Angelas Ashes is a moving book full of poverty, suffering, and death that shows that no matter how difficult things seem, the hard tines can always be overcome. Angela and Malachy McCourt, both Irish, were married in America after a passionate night together that ended up producing their first son, Francis(or Frank as introduced to the reader). Later, the couple had another son, twins, and a daughter while living in a small apartment in New York. Margaret soon died and the family moved to Ireland where their lives were only worsened.
Angela had two more children that lived, but the young twins died. Malachy was an alcoholic who rarely held a job and spent his wages at the pub instead of on his family. They were forced to beg for food and other necessities because relatives were cruel and selfish. This novel tells the tell of young Frank having to endure extreme poverty, starvation, and a broken family with strength and courage.Order now
He eventually raises enough money to go to America and break free from his depressing childhood. In my opinion, the theme of this book is that no matter how bad things seem to be, anyone can survive and become successful through perseverance and determination. For example, Frank grew up in just about the worst environment possible but was determined enough to get himself to America and eventually become the author of a Pulitzer Prize winning novel! Frank achieved his goals by taking any extra jobs that he could find and saving every penny possible until he could finally afford his passage to America. Because his father never brought home any money, Frank supported the family with what little wages he earned at his job and was determined to make a good life for himself, his brothers, and his poor mother.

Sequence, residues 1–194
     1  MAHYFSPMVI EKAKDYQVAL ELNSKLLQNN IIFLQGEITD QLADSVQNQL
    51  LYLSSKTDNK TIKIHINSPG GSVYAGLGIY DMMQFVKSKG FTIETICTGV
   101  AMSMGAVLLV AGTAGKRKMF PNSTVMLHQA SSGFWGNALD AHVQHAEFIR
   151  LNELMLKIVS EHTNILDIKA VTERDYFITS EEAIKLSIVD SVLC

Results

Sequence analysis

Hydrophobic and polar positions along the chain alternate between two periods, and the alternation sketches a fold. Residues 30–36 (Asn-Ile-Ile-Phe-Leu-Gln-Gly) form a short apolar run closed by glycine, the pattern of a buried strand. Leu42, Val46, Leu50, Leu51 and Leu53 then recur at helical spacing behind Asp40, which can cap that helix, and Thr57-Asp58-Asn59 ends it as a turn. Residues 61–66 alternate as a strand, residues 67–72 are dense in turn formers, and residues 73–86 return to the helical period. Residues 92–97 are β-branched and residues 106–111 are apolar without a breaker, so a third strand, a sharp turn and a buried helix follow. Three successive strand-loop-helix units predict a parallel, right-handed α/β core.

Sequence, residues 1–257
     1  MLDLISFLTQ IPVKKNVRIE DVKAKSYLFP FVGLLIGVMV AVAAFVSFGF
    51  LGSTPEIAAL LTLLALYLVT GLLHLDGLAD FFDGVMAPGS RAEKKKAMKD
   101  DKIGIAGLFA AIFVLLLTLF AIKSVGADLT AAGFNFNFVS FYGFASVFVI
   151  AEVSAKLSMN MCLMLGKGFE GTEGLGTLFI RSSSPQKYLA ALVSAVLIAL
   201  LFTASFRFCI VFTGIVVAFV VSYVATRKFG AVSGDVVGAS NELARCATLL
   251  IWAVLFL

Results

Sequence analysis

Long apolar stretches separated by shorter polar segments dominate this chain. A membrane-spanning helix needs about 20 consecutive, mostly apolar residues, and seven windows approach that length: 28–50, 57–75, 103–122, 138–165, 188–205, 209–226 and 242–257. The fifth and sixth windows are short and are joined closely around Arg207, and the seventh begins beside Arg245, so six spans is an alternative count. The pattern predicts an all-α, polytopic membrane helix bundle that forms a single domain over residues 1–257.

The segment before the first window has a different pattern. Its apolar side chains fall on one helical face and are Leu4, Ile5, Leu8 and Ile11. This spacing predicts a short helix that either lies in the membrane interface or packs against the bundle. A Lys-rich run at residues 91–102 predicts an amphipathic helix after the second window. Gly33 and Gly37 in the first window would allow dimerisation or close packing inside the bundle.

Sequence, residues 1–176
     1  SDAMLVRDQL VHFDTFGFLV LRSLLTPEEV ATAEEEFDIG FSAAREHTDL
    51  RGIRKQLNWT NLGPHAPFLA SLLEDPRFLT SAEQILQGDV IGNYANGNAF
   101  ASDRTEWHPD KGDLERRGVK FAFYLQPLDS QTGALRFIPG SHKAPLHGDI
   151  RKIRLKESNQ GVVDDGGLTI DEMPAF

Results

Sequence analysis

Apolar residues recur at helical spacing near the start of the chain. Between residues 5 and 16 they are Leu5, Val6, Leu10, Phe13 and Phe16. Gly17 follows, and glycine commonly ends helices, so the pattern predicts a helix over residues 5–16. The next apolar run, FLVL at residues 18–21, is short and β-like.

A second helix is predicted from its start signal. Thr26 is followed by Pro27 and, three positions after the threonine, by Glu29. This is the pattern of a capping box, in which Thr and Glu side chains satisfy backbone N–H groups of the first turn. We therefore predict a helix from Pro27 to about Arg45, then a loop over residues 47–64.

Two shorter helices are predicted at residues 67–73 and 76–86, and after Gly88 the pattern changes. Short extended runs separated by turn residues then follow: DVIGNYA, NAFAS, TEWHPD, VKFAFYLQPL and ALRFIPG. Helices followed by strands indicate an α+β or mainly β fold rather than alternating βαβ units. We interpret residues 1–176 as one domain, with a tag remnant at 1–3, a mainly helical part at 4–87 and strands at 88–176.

Frank learned to depend upon no one but himself and his determination to succeed won him a new life in America where he now lives happily married. I noticed numerous literary devices present throughout the book. One such device is the use of apostrophe. Apostrophe is used continuously when Frank speaks to the angel on the seventh step and also when he and his parents speak to the dead children such as Eugene, Oliver, and Margaret. The story is told from the point of view of Frank as he grows from a young boy of about three or four to a young man at nineteen.
This point of view is especially effective because it shows how he feels about his experiences as he ages and how he felt at that exact time. His views change as he grows and his naivete vanishes. He becomes a stronger, smarter person with the reader following along. I also noticed frequent use of imagery.
Frank describes his eyes when they are infected with red and yellow oozing out of them. Vivid images are also used to describe the putrid smells in their house next to the lavatory that was used by the entire street to empty their chamber pots. McCourt also chooses to write very often in the diction of the old Irish language. This word choice adds to the mood of the book and attempts to bring the reader into Ireland. The book is also packed with humor.
For instance, when the boys were playing outside, McCourt said that the women stand because all they do is take care of the children, clean the house, and cook but the men sit because the spend their time discussing the problems of the world and wondering what to do with the rest of the day(107). This is a humorous, almost satirical look at the traditional male-female roles in a family. Humor is also used while Frank waits for the angel on the seventh step and his naivete as a young boy. McCourts novel is filled with wonderful, descriptive images that help to shape his fascinating tale from poverty to success.